חיפוש מתקדם
Cohen, Y., Institute of Agricultural Engineering, Agricultural Research Organization (ARO), 50250 Bet Dagan, Israel
Alchanatis, V., Institute of Agricultural Engineering, Agricultural Research Organization (ARO), 50250 Bet Dagan, Israel
Prigojin, A., Institute of Agricultural Engineering, Agricultural Research Organization (ARO), 50250 Bet Dagan, Israel, Department of Geography and Environmental Development, Ben-Gurion University of the Negev, Beer-Sheva, Israel
Levi, A., Institute of Agricultural Engineering, Agricultural Research Organization (ARO), 50250 Bet Dagan, Israel
Soroker, V., Department of Entomology, Agricultural Research Organization (ARO), 50250 Bet Dagan, Israel
Cohen, Y., Institute of Plant Sciences, Agricultural Research Organization (ARO), 50250 Bet Dagan, Israel
A methodology to estimate water status of palm trees from aerial thermal images was developed. Deficit irrigation of 80% in three drip-irrigated date-palm plots in the northern Dead Sea region was manipulated during the winter of 2007 and 2008. An uncooled thermal camera was used for extensive aerial imaging to detect palm trees and pure-canopy pixels by using only aerial thermal images. An automatic procedure, based on watershed segmentation analysis, was developed which enabled detection of all palm trees in the thermal images. Two new methods were developed to select palm trees and pure pixels within them: basin-based and pixel-based. From the temperatures of pure-canopy pixels, significant differences were found between palm trees under commercial and deficit irrigation regimes, in all three plots. Automated detection of canopy, based on aerial thermal images, is a key step towards commercial mapping of within-plot water-status variability. A protocol, based on the developed methodology, was suggested for mapping water status variability in a palm plot, and for irrigation scheduling. © 2011 Springer Science+Business Media, LLC.
פותח על ידי קלירמאש פתרונות בע"מ -
הספר "אוצר וולקני"
אודות
תנאי שימוש
Use of aerial thermal imaging to estimate water status of palm trees
13
Cohen, Y., Institute of Agricultural Engineering, Agricultural Research Organization (ARO), 50250 Bet Dagan, Israel
Alchanatis, V., Institute of Agricultural Engineering, Agricultural Research Organization (ARO), 50250 Bet Dagan, Israel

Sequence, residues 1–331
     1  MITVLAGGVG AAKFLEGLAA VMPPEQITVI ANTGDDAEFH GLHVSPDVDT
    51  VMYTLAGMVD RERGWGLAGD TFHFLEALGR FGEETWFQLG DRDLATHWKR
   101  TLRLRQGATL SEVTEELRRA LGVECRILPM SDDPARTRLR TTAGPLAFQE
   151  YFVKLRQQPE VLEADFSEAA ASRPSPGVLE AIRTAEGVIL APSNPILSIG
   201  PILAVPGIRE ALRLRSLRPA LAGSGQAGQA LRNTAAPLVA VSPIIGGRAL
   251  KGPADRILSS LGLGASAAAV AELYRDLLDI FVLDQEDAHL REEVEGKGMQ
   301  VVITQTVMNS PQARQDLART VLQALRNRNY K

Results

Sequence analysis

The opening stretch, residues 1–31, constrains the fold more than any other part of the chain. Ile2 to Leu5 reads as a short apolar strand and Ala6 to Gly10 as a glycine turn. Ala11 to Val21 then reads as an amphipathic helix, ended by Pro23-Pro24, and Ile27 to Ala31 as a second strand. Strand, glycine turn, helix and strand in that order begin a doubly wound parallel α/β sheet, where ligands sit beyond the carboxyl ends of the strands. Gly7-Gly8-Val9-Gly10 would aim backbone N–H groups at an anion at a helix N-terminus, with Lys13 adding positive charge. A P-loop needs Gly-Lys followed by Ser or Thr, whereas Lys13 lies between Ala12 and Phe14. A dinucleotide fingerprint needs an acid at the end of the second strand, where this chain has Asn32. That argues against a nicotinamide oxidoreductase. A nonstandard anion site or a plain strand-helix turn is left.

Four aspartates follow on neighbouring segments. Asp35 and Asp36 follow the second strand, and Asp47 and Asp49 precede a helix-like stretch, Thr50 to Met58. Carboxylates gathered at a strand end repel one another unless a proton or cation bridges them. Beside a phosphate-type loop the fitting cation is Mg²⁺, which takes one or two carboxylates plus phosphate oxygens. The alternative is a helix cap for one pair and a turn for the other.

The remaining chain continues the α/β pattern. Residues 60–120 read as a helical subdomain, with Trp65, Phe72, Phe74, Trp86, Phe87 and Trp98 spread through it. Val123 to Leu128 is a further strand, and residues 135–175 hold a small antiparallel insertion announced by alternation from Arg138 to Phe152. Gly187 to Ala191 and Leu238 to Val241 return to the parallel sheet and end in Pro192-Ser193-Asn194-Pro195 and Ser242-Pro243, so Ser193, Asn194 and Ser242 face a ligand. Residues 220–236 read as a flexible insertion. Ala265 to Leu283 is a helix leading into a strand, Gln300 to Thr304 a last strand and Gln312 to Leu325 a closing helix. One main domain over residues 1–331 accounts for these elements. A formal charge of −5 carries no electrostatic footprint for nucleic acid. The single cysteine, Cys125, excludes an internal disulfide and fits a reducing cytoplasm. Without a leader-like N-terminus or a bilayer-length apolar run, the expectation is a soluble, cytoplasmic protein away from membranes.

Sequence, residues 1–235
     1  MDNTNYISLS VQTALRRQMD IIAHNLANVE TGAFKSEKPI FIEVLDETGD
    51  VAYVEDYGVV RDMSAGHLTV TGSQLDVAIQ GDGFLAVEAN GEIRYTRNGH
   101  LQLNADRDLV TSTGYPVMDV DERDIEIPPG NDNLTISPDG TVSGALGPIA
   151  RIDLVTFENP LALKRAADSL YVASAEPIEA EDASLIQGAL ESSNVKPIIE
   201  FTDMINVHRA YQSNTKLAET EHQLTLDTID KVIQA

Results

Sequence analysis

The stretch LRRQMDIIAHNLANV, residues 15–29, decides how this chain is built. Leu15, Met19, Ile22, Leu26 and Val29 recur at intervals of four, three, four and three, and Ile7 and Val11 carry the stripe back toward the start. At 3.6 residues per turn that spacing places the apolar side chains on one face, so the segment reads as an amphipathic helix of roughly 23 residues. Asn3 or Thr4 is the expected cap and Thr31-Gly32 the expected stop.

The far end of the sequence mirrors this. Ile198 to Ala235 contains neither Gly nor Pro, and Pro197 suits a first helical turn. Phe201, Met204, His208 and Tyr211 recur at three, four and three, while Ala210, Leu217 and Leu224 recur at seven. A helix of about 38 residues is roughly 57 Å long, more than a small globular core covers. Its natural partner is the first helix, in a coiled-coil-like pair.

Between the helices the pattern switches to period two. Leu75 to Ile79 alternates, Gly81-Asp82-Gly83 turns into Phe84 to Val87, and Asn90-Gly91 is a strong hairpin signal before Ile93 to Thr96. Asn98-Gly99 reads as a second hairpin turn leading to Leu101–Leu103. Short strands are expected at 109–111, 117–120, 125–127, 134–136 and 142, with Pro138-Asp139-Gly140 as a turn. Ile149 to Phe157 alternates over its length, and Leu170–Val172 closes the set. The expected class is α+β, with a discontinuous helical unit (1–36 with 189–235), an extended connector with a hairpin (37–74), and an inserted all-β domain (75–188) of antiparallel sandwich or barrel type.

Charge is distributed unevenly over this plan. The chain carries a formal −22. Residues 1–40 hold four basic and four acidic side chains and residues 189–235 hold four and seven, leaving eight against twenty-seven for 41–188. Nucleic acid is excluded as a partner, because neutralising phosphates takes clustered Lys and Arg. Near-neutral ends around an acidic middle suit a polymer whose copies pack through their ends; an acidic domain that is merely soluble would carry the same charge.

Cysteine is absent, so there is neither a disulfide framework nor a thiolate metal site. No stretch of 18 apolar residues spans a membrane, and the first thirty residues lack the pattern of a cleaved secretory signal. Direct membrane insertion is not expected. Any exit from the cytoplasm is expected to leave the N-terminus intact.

Prigojin, A., Institute of Agricultural Engineering, Agricultural Research Organization (ARO), 50250 Bet Dagan, Israel, Department of Geography and Environmental Development, Ben-Gurion University of the Negev, Beer-Sheva, Israel
Levi, A., Institute of Agricultural Engineering, Agricultural Research Organization (ARO), 50250 Bet Dagan, Israel
Soroker, V., Department of Entomology, Agricultural Research Organization (ARO), 50250 Bet Dagan, Israel
Cohen, Y., Institute of Plant Sciences, Agricultural Research Organization (ARO), 50250 Bet Dagan, Israel
Use of aerial thermal imaging to estimate water status of palm trees
A methodology to estimate water status of palm trees from aerial thermal images was developed. Deficit irrigation of 80% in three drip-irrigated date-palm plots in the northern Dead Sea region was manipulated during the winter of 2007 and 2008. An uncooled thermal camera was used for extensive aerial imaging to detect palm trees and pure-canopy pixels by using only aerial thermal images. An automatic procedure, based on watershed segmentation analysis, was developed which enabled detection of all palm trees in the thermal images. Two new methods were developed to select palm trees and pure pixels within them: basin-based and pixel-based. From the temperatures of pure-canopy pixels, significant differences were found between palm trees under commercial and deficit irrigation regimes, in all three plots. Automated detection of canopy, based on aerial thermal images, is a key step towards commercial mapping of within-plot water-status variability. A protocol, based on the developed methodology, was suggested for mapping water status variability in a palm plot, and for irrigation scheduling. © 2011 Springer Science+Business Media, LLC.
Scientific Publication
You may also be interested in